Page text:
The Dutch in the Spice Islands—Lemaire and Schouten—Tasman—Mendana—Queiros and Torrès—Pyrard de Laval—Pietro della Valle—Tavernier—Thévenot—Bernier—Robert Knox—Chardin—De Bruyn—Kæmpfer.

The Dutch were not slow in perceiving the weakness and decadence of the Portuguese power in Asia. They felt with how much ease a clever and prudent nation might in a short time become possessed of the whole commerce of the extreme East. After a considerable number of private expeditions and voyages of reconnaissance they had founded in 1602 that celebrated Company of the Indies which was destined to raise to so high a pitch the wealth and prosperity of the metropolis. Equally in its strife with the Portuguese as in its dealing with the natives, the Company pursued a very skilful policy of moderation. Far from founding colonies, or repairing and occupying the fortresses which they took from the Portuguese, the Dutch bore themselves as simple traders, exclusively occupied with their commerce. They avoided building any fortified factory, except at the intersection of the great commercial roads. Thus they were able in a short time to seize all the carrying trade between India, China, Japan, and Oceania. The one fault committed by the all-powerful Company was the concentrating in its own hands a monopoly of the trade in spices. It drove away the foreigners who had settled in the Moluccas or in the Islands of Sunda, or who came thither to obtain a cargo of spices; it even went the length, in order to raise the price of this valuable commodity, of proscribing the cultivation of certain species in a large number of islands, and of forbidding, under pain of death, the exportation and sale of seeds and cuttings of the spice-producing trees. In a few years the Dutch were established in Java, Sumatra, Borneo, the Moluccas, and at the Cape of Good Hope, harbours the best placed for ships returning to Europe.

It was at this time that a rich merchant of Amsterdam, Jacob Lemaire, in concert with a skilful mariner, named Wilhem Cornelis Schouten, conceived a project for reaching the Indies by a new route. The Dutch States-General had in fact forbidden any subject of the United Provinces, not in the pay of the Company of the Indies, from going to the Spice Islands by way of the Cape of Good Hope or of the Strait of Magellan. Schouten, according to some, Lemaire, according to others, had formed the idea of eluding this interdict by seeking a passage to the south of Magellan's Strait. This much is certain, that Lemaire bore one half of the expense of the expedition, while Schouten, by the aid of several merchants whose names have been handed down to us, and who filled the chief offices in the town of Hoorn, provided the other half. They fitted out the Concorde, a vessel of 360 tons, and a yacht, carrying together a crew of sixty-five men, and twenty-nine cannon. This was certainly an equipment but little in accordance with the magnitude of the enterprise. But Schouten was a skilful mariner, the crew had been carefully chosen, and the vessels were abundantly furnished with provisions and spare rigging. Lemaire was commissioner, and Schouten the captain of the ship. The destination was kept secret, and officers and crew entered into an unlimited engagement to go wherever they might be led. On the 25th June, 1615, eleven days after quitting the Texel, and when there was no longer anything to be feared from indiscretion, the crews were assembled to listen to the reading of an order which ran as follows: "The two vessels would seek another passage than that of Magellan, by which to enter the South Sea, and to discover there certain southern countries, in the hope of obtaining enormous profits from them, and if heaven should not favour this design, they would repair by means of the same sea to the East Indies." This declaration was received with enthusiasm by the whole crew, who were animated, like all Dutchmen of that period, with a love for great discoveries.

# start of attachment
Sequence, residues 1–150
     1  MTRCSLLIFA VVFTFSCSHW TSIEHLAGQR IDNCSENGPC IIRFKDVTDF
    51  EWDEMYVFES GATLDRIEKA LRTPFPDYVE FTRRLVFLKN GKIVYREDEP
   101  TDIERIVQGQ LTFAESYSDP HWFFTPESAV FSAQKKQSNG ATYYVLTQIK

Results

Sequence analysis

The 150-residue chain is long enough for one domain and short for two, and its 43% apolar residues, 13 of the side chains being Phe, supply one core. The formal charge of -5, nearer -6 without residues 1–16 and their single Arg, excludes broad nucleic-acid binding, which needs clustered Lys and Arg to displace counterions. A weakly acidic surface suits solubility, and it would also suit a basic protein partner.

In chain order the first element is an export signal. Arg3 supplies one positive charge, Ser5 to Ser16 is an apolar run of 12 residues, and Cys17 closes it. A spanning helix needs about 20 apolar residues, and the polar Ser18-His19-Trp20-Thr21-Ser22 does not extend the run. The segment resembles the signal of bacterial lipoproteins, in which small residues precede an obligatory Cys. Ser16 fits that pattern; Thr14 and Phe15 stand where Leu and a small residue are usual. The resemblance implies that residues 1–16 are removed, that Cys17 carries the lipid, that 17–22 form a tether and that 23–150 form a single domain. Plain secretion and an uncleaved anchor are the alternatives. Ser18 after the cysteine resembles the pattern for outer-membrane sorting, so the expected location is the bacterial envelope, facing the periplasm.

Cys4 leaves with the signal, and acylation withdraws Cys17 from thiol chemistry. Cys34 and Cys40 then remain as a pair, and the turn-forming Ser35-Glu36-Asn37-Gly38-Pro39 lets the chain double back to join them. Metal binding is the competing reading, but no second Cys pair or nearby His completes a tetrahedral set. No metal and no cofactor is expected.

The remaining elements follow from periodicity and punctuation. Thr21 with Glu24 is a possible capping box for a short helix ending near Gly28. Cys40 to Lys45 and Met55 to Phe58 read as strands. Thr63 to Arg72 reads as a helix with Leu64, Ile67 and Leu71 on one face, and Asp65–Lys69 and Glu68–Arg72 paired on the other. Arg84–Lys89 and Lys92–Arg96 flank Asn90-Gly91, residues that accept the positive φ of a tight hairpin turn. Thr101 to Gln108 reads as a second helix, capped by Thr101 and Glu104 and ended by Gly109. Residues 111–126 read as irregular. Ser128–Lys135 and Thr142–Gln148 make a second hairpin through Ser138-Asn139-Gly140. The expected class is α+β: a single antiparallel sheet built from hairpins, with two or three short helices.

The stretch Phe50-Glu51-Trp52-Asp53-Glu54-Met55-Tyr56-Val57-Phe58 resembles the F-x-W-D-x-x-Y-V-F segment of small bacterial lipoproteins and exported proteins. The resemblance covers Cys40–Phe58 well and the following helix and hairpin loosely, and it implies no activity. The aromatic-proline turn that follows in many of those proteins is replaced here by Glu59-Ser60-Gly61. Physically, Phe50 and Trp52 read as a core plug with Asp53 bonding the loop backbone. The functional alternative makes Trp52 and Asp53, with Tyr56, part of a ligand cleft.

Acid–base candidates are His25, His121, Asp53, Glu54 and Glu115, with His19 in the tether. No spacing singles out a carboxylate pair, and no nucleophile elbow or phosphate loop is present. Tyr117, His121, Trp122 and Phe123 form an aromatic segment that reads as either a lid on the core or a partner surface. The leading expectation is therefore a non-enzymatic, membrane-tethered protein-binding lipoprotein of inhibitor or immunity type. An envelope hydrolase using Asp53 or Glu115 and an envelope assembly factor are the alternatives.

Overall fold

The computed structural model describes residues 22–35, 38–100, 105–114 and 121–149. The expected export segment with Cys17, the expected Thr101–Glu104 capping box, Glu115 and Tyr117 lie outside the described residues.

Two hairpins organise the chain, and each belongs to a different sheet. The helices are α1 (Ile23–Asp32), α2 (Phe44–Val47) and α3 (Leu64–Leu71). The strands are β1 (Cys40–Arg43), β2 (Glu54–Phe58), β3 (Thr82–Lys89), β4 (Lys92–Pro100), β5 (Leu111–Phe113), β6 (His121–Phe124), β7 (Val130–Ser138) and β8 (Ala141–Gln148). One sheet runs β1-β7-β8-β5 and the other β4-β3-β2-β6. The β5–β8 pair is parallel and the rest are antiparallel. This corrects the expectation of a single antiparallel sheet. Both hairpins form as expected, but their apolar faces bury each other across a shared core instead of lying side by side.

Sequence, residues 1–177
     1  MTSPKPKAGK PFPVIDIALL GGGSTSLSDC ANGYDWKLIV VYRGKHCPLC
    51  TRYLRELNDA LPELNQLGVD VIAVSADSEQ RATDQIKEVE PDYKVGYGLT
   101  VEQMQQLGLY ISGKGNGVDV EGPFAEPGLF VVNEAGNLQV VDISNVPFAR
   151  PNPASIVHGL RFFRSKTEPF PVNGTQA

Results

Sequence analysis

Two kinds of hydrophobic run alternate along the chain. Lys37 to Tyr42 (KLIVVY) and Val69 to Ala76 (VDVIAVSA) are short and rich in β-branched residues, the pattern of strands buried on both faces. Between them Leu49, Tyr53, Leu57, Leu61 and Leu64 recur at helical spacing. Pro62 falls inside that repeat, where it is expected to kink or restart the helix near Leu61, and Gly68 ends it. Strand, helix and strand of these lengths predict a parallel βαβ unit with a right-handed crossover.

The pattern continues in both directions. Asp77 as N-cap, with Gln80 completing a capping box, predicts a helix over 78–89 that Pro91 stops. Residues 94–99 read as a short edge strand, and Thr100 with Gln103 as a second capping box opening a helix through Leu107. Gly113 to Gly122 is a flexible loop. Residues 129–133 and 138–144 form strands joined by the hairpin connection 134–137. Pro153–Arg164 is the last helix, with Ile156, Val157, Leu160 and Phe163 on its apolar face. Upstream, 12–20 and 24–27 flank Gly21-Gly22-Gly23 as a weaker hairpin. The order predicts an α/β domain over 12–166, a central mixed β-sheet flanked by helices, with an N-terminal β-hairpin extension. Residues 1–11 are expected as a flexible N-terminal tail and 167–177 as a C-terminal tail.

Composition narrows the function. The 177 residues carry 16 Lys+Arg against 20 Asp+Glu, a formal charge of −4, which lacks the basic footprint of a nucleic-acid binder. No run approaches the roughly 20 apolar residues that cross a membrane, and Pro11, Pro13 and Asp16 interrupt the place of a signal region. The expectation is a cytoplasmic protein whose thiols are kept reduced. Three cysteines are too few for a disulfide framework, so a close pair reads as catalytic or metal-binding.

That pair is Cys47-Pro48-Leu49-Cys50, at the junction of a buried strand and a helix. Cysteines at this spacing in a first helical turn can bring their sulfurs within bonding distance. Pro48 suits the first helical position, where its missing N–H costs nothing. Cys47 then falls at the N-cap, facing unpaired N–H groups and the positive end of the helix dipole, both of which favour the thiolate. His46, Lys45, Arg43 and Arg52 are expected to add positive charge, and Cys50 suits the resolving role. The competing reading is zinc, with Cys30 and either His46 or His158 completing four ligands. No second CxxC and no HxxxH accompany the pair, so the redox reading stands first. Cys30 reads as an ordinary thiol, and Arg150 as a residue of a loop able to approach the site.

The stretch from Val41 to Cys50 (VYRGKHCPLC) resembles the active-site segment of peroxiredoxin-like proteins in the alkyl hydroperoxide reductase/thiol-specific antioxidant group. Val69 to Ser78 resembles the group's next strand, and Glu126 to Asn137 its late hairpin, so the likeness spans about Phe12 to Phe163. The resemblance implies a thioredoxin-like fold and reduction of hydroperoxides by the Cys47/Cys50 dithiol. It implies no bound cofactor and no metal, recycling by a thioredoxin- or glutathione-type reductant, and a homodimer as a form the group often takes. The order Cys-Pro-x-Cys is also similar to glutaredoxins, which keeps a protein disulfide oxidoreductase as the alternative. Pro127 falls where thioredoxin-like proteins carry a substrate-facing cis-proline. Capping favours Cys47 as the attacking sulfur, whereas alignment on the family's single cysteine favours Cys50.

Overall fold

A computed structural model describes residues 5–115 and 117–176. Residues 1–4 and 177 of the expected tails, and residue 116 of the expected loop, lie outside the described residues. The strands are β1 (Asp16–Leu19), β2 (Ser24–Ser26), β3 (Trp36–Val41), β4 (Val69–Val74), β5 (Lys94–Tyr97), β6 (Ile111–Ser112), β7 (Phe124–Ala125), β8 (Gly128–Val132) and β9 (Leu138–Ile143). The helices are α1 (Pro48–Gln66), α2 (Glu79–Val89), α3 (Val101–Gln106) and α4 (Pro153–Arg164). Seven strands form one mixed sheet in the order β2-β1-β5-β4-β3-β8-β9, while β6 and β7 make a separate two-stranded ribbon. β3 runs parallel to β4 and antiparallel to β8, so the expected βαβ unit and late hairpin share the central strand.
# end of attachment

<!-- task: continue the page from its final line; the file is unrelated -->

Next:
The route then usually pursued for reaching South America—as may perhaps have been already observed—followed the African coasts as far as below the equator. The Concorde did not try to deviate from it; she reached the shores of Brazil, Patagonia, and Port Desire, at 300 miles to the north of the Strait of Magellan, but was for several days hindered by storms from entering the harbour. The yacht even remained for the space of one whole tide, aground and lying on her side, but high water set her afloat again; only for a short time however, for whilst some repairs were being done to her keel, her rigging took fire, and she was consumed in spite of the energetic efforts of the two crews. On the 13th January, 1616, Lemaire and Schouten arrived at the Sebaldine Islands, discovered by Sebald de Weerdt, and followed the coast of Tierra del Fuego at a short distance from land. The coast ran east-quarter-south-east, and was skirted by high mountains covered with snow. On the 24th of January at mid-day, they sighted its extreme point, but eastward stretched some more land, which also appeared to be of great elevation. The distance between these two islands, according to the general opinion, appeared to be about twenty-four miles, and Schouten entered the strait which divided them. It was so encumbered with whales that the ship was obliged to tack more than once to avoid them. The island to the east received the name of Staten Island, and that to the west the name of Maurice of Nassau.